Obama On 5-State Barnstorming And Fundraising Trip

President Obama will spend the next week visiting the Rust Belt, an ill-fitting moniker given the recent recession. He'll be talking up the recovery in the economy at a time when it seems to be losing steam, and attending fund-raisers in other cities. Host Liane Hansen talks to NPR White House correspondent Scott Horsley about the trip and the challenges.

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LIANE HANSEN, host:

This is WEEKEND EDITION from NPR News. I'm Liane Hansen.

President Obama and his family are on a whirlwind visit to Florida, to promote tourism in the wake of the BP oil spill. Mr. Obama is trying to encourage other families to vacation along the Gulf Coast, an area that's heavily dependent on tourists. The Florida trip is just the beginning of Mr. Obama's travels this week.

NPR White House correspondent Scott Horsley joins us to talk about it. And, Scott, this is a far-flung set of destinations. Can you run it all down for us?

SCOTT HORSLEY: If it's Tuesday, it must be...

HANSEN: It must be...

HORSLEY: ...Seattle. Mr. Obama plans to hit five states in three days. He starts Monday in Wisconsin, where he'll visit an energy firm, then it's on to California. On Tuesday, he's in Washington state, and then he starts making his way east again, stopping off in Ohio and ending up back in Florida, where he has a political fundraiser on Wednesday.

HANSEN: So what are some of the issues that he's highlighting?

HORSLEY: I'm sure we'll hear a lot about the economy. That's the number one issue for voters. I mentioned the energy plant he's stopping off at. Clean energy, of course, has been a big focus for this president. And he'll be talking, we're told, about his export initiative.

Remember, back in the State of the Union address, he set a goal of doubling U.S. exports in five years. The reason for that is it's a way to grow the domestic economy without having to rely on those overstretched American consumers. Unfortunately, the president got some bad news this past week, when the Commerce Department released new trade figures showing exports actually shrank in June, and the trade deficit widened. So not the direction the president wants those numbers to go in.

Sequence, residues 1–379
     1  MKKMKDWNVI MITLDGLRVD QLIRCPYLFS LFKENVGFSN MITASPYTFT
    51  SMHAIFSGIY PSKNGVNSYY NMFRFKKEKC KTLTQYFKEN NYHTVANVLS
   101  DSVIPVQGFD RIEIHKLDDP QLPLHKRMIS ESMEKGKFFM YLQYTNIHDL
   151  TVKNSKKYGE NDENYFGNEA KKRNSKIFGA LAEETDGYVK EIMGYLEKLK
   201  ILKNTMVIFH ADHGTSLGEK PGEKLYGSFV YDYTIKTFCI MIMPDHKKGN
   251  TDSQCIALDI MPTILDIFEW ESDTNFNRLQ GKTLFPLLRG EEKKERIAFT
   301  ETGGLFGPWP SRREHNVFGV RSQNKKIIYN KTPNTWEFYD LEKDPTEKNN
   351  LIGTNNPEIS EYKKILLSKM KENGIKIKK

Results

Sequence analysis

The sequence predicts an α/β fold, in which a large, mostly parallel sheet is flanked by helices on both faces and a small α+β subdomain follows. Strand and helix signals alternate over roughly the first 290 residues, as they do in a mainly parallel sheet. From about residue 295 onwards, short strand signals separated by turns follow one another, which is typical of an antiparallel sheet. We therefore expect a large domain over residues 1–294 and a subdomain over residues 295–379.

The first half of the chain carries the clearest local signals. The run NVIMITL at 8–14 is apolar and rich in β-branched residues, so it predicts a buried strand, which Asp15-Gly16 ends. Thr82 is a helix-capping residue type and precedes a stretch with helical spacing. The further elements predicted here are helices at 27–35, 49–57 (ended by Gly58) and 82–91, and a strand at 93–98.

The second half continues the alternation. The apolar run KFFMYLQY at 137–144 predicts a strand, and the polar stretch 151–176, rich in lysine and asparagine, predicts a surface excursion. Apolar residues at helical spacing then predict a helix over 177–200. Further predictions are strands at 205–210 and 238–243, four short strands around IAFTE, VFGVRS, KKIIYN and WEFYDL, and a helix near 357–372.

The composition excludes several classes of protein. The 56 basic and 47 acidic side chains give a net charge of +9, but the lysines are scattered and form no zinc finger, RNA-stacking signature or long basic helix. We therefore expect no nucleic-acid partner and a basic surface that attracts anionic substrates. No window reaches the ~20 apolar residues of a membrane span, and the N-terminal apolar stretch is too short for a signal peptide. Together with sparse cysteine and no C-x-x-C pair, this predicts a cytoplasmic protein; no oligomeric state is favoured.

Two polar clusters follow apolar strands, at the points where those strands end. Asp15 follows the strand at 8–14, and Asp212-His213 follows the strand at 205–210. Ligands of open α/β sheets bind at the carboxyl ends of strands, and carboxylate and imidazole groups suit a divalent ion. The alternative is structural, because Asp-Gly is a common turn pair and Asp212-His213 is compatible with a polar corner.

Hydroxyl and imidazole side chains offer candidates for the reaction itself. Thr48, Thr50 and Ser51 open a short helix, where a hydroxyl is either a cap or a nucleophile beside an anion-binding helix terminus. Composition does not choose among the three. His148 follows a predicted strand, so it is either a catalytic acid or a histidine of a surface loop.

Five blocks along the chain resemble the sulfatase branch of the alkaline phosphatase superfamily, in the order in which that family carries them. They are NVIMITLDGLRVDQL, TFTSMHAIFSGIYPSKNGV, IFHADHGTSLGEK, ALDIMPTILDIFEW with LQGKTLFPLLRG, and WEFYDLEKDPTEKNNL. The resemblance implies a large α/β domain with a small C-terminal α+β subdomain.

HANSEN: But at every stop along the way, he's also going to be raising a lot of money for Democratic candidates?

HORSLEY: That's right. This is a role that we're told he takes very seriously -as rainmaker and head of Democratic Party. And he's good at it. Even with his slumping approval numbers, faithful Democrats are more than willing to open up their checkbooks when the president's in town.

In some cases, he'll be raising money for individual candidates, like Washington State Senator Patty Murray. Elsewhere, he'll be raising money for campaign committees; and in Florida and Wisconsin, for the state Democratic Parties to do party building from the ground up.

HANSEN: And after five states in three days, Mr. Obama returns to Washington. What's next for him?

HORSLEY: Well, he won't be staying in Washington very long. On Thursday, he and the family are scheduled to travel to Martha's Vineyard, in Massachusetts, for their summer vacation - if you can use the word president and vacation in the same line. White House spokesman Robert Gibbs joked this week that it only takes one call from the Situation Room to spoil the best-laid plans.

But there, the first family should get a little breather. They're scheduled to be on Martha's Vineyard for about 10 days. And then on the 29th, President Obama will travel to New Orleans, where he will mark the fifth anniversary of Hurricane Katrina.

HANSEN: Quite a trip. NPR's Scott Horsley. Thank you very much.

HORSLEY: Great to be with you, Liane.

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